“I’ll be gone, you’ll be gone”

A Wall Street money manager named Barry Ritholtz wrote a good article in the Washington Post about the IBGYBG management philosophy of so many Wall Street banking and brokerage firms.

IBGYBG is shorthand for “Let’s grab everything we can get now because I’ll be gone and you’ll be gone when everything crashes.”

I do not care what shareholders and their boards pay the people who create enormous value. … … On the other hand, many others received huge bonuses for bankrupting their firms and driving the economy into recession. Their job performance should be the subject of your ire and of regulators. They brought the world to the abyss of economic collapse because they had incentives to do so.

If that sounds unbelievable, consider:

– Subprime mortgage brokers who were paid based on the quantity – not the quality – of their mortgage writing. The loans lenders sold to Wall Street to be securitized carried a 90-day warranty. Hence, the brokers’ jobs were to find people who would make the first three monthly payments of a 30-year loan. After that, it was no longer their concern.

– Derivative traders who knew that what they were buying was going to blow up. In 2007, I published an e-mail from one such trader who wrote, “We knew we were buying time bombs.” The motivation was deal fees and bonuses. Once the derivative machinery was in motion, they had to “keep buying collateral, in order to keep issuing these transactions.”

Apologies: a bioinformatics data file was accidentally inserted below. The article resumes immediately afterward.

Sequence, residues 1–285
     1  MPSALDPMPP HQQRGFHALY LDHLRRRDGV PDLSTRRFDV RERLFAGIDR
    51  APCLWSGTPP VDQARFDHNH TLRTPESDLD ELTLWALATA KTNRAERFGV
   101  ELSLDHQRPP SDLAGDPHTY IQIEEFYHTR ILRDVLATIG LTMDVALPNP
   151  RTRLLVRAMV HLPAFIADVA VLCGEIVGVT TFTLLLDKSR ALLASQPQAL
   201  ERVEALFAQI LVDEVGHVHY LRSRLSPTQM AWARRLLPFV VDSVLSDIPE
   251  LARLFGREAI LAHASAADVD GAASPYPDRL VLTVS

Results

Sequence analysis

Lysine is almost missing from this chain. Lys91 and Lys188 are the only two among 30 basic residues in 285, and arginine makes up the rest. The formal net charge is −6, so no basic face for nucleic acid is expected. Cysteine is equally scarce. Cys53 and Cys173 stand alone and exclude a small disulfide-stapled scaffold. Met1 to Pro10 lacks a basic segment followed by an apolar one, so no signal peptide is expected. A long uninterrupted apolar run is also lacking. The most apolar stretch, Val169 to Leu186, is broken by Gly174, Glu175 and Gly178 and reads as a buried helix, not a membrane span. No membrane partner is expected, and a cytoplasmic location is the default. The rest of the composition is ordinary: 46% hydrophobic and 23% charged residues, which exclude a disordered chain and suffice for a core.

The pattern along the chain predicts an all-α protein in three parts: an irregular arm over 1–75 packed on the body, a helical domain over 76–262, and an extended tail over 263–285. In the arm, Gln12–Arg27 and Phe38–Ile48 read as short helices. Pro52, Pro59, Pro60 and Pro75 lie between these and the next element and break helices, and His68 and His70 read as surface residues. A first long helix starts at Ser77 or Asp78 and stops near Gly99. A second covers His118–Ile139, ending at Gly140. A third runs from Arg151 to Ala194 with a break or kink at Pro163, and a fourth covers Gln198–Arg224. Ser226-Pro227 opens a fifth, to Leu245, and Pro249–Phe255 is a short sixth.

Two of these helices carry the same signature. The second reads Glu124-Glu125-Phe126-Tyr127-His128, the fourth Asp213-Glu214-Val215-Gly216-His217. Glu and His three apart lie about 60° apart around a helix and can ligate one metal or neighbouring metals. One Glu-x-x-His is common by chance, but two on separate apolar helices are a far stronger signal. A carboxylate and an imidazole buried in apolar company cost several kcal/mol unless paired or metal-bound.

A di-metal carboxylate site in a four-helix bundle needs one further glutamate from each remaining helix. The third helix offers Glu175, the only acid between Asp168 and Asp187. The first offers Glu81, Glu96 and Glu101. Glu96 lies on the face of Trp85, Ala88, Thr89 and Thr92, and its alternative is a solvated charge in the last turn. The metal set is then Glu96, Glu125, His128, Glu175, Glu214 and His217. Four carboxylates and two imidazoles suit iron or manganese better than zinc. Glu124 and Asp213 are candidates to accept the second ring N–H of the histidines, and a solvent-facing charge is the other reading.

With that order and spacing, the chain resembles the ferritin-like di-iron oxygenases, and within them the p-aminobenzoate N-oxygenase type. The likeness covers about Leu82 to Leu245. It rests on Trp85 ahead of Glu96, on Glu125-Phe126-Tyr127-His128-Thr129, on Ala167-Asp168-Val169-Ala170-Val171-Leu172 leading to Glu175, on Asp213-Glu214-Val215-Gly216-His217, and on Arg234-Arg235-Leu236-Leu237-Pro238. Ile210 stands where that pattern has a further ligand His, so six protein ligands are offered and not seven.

– Collateralized debt obligation managers whose job it was to assemble pools of mortgages, yet had little or no understanding of the underlying loans. The salespeople, traders and managers working in the mortgage sector had incentives that were upside down. The greater the risk they took, the more they were paid. But brunt of those risks was on third parties, never themselves. It was shareholders and taxpayers who shouldered them.

This is backward. The people who should bear the downside are the ones who have the upside. Instead, the system was perversely one of private profit but public risk.

He named names:

l Lehman Brothers Chairman and CEO Richard Fuld Jr. made nearly a half-billion – $490 million – from selling Lehman stock in the years before it filed for Chapter 11 bankruptcy.

l Countrywide Financial (now owned by Bank of America) founder and CEO Angelo Mozilo cashed in $122 million in stock options in 2007.  His total take is estimated at more than $400 million dollars.

l Stanley O’Neal, who steered Merrill Lynch into financial collapse before it was taken over in a shotgun wedding with Bank of America in 2008, was given a package of $160 million when he retired.

l Bear Stearns former chairman Jimmy Cayne, rescued by a $29 billion Fed shotgun wedding to JPMorgan Chase, received $60 million when he was replaced;

l Fannie Mae CEO Daniel Mudd received $11.6 million in 2007. His counterpart at Freddie Mac, Richard Syron, brought in $18 million. In 2008, the two were forced into government conservatorship.

via Washington Post.

As Ritholtz pointed out, things weren’t always this way.  Once most Wall Street firms were partnerships, and the partners went into personal bankruptcy when their firms failed. Their mansions, yachts, automobiles and even their watches were auctioned off.  During the 1970s and 1980s, the big partnerships became public corporations, and the principle of limited liability meant that the owners were only on the hook for what they put into the firms, not for what they took out of them.

It’s not practical to turn the Wall Street firms back into partnerships.  Instead Rithholtz suggests legislation to make corporate executive personally responsible for reckless management and to claw back their excessive compensation.  I think that’s an interesting idea.  A better idea, in my opinion, would be to make the corporate decision-makers criminally liable for criminal actions of a corporation.